Posted on 12, October 2022 03:10:22 PM
Welcome to EdigaMatchmaker
An inviting food jugalbandhi with pristine and polished banana leaves, the crackling Dolby effect of the very pompous nadaswarams, festoons overhead of mango leaves that never fade, Mamas and Mamis clad in Panchakachams and Madisars scurrying around like beautiful Gandharvas.
The bride’s parents wait outside the marriage hall with coconuts, flowers, and Thamboola with two conical structures called ‘Paruppu Thengai Urundai” (made of Dhal, jaggery, coconut) to receive the groom and his family for the wedding.
The main part of the wedding starts with ‘Viratham’. This ceremony is performed by both families to invoke their family deities and ancestors. A ‘Kappu’ is tied around the wrists of both the bride and the groom, and the yellow thread should not be untied until the wedding is over. The Kaapu is supposed to ward off evil spirits by acting as protective armor for both the bride and the groom. From hereon, the groom prepares himself for his new phase of life as a ‘Grihastha’.
Or the ‘Maapilai Azhaippu’. A pooja ceremony happens at a temple nearby, and then the groom is taken on a procession to the mantapa to accept the bride. The procession these days is in a car, but in the olden days, the procession used to be (sometimes) on elephants (gasp). The Januvasam is to ‘show’ the groom to the public, and allow them to voice their objections if any, to the marriage.
Or the engagement ceremony. Once the groom reaches the venue, a formal engagement ceremony takes place. A Ganapathi Pooja is performed, and a final formal agreement is made between the bride’s and the groom’s family.
After the recitation of Vedic verses, the groom, all well clad in Panchakancham, starts his journey towards Kasi (Varanasi) to expand his knowledge of Brahman. The groom sets off towards the gate, with his slippers, a bamboo fan, and an umbrella. The bride’s father stops him on the way, convinces him of the importance of being a ‘Grihastha’, and also promises to give him his daughter as his companion to face the trials and tribulations in life.
EXCHANGE OF GARLANDS / MAALAI MATRUTHAL
The Maternal uncles lift the Bride and Groom respectively to their shoulder levels enabling for easy exchange of garlands. While thrice they exchange, fun is also added making garlanding one another difficult. The couple is then made to sit in an oonjal (swing), lots of songs are sung, and the bride and the groom are served with paalikai (a mixture of banana, milk, and sugar) by women from both families. The women also prepare rice balls with turmeric and circle them around the couple. The rice balls are thrown in all four directions to ward off evil spirits. The groom is then asked to hold the right hand of the bride and lead her to the marriage dais.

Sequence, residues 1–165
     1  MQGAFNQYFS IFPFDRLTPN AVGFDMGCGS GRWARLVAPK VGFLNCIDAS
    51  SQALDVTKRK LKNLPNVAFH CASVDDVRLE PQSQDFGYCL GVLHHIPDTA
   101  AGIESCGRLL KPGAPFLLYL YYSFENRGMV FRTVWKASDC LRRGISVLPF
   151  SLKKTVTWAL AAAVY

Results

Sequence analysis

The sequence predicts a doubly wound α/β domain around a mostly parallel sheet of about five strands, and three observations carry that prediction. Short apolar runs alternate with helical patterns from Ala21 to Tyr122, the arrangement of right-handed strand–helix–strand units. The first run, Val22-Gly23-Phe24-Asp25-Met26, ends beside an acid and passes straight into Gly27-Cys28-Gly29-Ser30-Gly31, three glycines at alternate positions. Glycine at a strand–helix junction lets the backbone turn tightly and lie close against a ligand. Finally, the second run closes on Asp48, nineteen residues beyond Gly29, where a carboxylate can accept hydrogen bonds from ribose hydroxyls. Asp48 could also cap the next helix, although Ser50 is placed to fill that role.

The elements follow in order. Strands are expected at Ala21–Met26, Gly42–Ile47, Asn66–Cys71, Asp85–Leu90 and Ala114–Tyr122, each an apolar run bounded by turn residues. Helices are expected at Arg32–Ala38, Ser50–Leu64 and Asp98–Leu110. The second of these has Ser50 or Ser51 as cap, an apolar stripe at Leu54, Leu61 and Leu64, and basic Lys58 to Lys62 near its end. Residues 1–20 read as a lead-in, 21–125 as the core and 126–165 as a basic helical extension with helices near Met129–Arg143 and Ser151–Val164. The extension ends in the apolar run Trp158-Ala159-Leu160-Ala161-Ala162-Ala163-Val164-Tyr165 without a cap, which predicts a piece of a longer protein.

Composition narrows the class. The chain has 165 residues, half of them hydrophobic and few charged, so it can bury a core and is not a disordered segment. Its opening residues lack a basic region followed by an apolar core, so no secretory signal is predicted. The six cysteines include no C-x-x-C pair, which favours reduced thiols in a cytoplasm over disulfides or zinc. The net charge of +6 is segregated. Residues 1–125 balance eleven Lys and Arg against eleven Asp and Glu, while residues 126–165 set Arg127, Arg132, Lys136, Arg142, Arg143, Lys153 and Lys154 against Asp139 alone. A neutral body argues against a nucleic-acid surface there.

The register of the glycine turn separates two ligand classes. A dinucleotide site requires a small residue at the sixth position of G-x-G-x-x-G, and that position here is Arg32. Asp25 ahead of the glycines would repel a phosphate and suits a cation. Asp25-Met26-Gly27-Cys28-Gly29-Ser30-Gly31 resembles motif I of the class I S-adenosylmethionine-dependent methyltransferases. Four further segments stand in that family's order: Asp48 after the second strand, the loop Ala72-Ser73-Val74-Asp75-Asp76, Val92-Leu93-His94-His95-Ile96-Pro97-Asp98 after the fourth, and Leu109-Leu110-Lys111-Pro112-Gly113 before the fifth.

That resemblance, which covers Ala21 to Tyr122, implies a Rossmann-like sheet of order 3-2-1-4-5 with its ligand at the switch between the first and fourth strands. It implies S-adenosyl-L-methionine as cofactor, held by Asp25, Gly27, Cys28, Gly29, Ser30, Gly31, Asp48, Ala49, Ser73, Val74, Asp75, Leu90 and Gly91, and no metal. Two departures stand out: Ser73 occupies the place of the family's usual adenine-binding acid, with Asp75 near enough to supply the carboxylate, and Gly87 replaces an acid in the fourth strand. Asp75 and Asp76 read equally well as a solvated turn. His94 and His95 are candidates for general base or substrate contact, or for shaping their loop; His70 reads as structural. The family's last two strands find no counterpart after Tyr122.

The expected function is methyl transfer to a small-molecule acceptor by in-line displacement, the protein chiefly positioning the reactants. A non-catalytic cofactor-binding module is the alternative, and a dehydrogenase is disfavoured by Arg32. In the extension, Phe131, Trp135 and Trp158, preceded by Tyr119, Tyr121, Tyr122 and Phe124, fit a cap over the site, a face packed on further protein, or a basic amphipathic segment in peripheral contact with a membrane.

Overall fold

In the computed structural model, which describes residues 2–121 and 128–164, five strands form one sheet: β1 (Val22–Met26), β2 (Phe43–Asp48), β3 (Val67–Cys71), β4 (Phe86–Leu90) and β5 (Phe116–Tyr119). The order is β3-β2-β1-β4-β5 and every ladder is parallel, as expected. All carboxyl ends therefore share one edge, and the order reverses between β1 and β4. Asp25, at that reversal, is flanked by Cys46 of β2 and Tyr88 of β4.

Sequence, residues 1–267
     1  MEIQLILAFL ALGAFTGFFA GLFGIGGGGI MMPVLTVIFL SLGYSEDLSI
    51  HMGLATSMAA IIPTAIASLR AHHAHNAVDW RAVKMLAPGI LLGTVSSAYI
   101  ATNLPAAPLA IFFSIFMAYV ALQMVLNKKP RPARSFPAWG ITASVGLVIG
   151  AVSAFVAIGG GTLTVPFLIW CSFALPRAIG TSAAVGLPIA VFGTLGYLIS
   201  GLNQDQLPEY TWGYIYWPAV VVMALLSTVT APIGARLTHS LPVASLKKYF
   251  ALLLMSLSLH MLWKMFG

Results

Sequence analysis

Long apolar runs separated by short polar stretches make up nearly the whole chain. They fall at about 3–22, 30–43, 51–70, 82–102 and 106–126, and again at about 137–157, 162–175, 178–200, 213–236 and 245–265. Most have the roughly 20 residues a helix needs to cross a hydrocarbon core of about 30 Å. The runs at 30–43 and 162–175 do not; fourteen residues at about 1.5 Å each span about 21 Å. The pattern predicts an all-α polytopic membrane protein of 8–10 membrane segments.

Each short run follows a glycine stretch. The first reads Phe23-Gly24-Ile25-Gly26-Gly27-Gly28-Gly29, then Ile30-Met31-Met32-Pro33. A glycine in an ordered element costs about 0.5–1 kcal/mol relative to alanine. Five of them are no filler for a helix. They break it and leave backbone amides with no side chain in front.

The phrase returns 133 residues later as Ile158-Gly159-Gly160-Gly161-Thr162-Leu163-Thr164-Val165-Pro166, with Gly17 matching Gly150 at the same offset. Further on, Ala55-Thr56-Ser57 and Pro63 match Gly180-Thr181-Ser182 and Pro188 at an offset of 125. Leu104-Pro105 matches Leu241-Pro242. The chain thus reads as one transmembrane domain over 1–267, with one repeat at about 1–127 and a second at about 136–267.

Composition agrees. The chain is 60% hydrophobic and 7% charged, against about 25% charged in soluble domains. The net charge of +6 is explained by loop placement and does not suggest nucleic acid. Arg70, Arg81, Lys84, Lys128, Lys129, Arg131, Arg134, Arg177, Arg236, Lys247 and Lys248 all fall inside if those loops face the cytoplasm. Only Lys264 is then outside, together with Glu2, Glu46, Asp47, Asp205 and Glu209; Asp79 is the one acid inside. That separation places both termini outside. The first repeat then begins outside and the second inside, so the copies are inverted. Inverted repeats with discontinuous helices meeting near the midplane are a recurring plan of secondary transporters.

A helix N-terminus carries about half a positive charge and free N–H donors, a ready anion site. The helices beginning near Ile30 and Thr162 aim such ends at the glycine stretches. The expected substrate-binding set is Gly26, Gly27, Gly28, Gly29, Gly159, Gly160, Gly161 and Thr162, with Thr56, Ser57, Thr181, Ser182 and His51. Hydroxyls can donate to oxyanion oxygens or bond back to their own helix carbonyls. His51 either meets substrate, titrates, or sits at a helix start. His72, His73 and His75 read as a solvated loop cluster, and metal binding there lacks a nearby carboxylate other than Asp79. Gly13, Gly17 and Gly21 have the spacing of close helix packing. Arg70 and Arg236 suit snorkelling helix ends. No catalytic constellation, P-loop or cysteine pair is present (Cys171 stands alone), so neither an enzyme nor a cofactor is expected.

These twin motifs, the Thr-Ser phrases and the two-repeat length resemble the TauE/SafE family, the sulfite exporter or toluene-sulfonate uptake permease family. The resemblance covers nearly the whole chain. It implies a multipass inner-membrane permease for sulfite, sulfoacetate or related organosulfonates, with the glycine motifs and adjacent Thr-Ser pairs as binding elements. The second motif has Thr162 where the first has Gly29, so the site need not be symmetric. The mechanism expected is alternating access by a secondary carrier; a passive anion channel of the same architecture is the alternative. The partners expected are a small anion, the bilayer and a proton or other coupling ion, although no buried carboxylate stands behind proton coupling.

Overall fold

The bride is made to wear the Madisar or the ‘Koorai Pudavai’ and is made to sit on her father’s lap facing eastward. The groom faces westward and ties the mangalyam around the neck of the bride. “Getti melam”, the bride’s uncle would say and this signals the nadaswarams and thavil artists to speed their tempo up. A total of 3 knots are tied around the bride’s neck. The first knot tied by the husband formalizes their union, and the second and the third knots are tied by the groom’s sister to symbolize the welcoming of the bride into her family. Sapthapadi The bride and the groom now hold hands and pray for their eternal happiness. The groom also helps the bride to take seven steps around the sacred fire, and this ritual is called the ‘Sapthapadi’. This is the most important part of the marriage ceremony, and only after the Sapthapadi is the bride and groom ‘officially’ married.